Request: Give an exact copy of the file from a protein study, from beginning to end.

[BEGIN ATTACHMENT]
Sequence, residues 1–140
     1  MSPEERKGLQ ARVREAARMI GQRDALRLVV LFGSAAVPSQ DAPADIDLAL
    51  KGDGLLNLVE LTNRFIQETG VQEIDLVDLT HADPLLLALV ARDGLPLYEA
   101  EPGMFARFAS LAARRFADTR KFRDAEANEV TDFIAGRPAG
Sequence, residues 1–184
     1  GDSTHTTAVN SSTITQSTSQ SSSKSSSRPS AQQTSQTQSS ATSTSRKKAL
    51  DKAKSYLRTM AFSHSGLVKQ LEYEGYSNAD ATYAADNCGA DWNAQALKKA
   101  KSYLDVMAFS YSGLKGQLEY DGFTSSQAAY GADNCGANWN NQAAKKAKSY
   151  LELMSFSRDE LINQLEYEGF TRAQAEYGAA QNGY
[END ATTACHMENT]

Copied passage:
Sequence, residues 1–140
     1  MSPEERKGLQ ARVREAARMI GQRDALRLVV LFGSAAVPSQ DAPADIDLAL
    51  KGDGLLNLVE LTNRFIQETG VQEIDLVDLT HADPLLLALV ARDGLPLYEA
   101  EPGMFARFAS LAARRFADTR KFRDAEANEV TDFIAGRPAG
Sequence, residues 1–184
     1  GDSTHTTAVN SSTITQSTSQ SSSKSSSRPS AQQTSQTQSS ATSTSRKKAL
    51  DKAKSYLRTM AFSHSGLVKQ LEYEGYSNAD ATYAADNCGA DWNAQALKKA
   101  KSYLDVMAFS YSGLKGQLEY DGFTSSQAAY GADNCGANWN NQAAKKAKSY
   151  LELMSFSRDE LINQLEYEGF TRAQAEYGAA QNGY